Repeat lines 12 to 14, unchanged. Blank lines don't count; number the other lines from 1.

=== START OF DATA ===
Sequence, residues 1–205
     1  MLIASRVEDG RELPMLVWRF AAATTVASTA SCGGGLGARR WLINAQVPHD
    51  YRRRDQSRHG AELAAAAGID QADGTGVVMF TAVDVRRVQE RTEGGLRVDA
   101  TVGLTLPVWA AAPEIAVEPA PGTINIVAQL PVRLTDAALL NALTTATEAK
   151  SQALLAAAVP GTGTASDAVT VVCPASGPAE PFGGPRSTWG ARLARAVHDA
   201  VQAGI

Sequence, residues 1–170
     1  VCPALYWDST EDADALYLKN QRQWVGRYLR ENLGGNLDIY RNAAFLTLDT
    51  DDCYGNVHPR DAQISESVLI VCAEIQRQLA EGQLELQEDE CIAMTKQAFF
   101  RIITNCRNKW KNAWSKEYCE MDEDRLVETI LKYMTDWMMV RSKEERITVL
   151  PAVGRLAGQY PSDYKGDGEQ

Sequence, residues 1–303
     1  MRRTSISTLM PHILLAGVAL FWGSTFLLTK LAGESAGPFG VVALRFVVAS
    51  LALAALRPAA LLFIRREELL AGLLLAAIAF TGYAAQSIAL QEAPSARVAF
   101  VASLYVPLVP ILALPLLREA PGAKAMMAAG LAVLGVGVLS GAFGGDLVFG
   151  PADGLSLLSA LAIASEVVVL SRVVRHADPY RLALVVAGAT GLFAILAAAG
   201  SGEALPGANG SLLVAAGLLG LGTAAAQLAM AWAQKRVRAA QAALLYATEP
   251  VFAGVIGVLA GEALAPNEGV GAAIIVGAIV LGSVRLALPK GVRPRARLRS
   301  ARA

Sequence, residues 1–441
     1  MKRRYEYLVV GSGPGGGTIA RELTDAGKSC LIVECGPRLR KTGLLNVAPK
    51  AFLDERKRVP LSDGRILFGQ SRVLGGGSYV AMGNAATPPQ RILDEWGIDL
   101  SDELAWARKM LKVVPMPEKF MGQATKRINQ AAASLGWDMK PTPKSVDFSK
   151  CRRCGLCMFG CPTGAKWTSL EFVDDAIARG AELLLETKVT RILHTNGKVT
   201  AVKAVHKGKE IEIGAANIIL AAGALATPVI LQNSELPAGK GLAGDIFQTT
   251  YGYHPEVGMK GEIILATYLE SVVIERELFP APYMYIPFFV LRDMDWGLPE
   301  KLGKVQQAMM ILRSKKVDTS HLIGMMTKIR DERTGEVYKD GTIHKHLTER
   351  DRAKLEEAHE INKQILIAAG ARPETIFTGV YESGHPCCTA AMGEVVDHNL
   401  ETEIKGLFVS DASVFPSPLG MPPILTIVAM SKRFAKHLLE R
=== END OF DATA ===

Sequence, residues 1–303
     1  MRRTSISTLM PHILLAGVAL FWGSTFLLTK LAGESAGPFG VVALRFVVAS
    51  LALAALRPAA LLFIRREELL AGLLLAAIAF TGYAAQSIAL QEAPSARVAF